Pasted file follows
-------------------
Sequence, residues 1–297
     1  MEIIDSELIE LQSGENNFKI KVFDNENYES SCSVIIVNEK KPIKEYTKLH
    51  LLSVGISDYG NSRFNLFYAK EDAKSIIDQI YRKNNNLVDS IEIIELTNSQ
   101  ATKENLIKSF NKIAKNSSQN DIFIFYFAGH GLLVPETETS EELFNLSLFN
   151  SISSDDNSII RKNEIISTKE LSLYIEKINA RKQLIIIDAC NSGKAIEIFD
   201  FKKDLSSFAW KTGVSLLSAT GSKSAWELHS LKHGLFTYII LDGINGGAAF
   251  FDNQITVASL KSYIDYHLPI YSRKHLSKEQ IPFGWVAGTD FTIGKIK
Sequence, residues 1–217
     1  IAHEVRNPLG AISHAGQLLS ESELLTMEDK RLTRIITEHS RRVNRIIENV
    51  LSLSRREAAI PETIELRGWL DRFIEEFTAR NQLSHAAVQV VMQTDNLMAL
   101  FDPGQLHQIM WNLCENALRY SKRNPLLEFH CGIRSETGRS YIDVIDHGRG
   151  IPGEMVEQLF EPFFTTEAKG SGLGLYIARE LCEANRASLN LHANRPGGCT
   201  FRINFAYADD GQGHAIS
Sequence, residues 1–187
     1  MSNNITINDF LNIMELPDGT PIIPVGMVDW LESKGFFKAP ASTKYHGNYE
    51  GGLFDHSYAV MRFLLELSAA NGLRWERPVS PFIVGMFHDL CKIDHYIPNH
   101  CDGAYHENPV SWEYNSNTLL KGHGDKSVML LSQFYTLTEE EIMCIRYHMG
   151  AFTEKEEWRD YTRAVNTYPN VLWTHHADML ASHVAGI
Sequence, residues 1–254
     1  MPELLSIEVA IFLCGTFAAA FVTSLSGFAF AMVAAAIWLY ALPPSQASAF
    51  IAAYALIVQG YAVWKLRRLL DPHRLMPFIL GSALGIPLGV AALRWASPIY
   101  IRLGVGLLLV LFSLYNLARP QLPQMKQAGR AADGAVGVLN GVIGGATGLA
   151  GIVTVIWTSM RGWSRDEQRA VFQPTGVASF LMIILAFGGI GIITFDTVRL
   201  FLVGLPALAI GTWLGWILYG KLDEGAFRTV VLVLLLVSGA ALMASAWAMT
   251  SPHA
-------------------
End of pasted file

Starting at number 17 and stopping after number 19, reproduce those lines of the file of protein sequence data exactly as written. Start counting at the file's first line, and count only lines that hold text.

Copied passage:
   101  CDGAYHENPV SWEYNSNTLL KGHGDKSVML LSQFYTLTEE EIMCIRYHMG
   151  AFTEKEEWRD YTRAVNTYPN VLWTHHADML ASHVAGI
Sequence, residues 1–254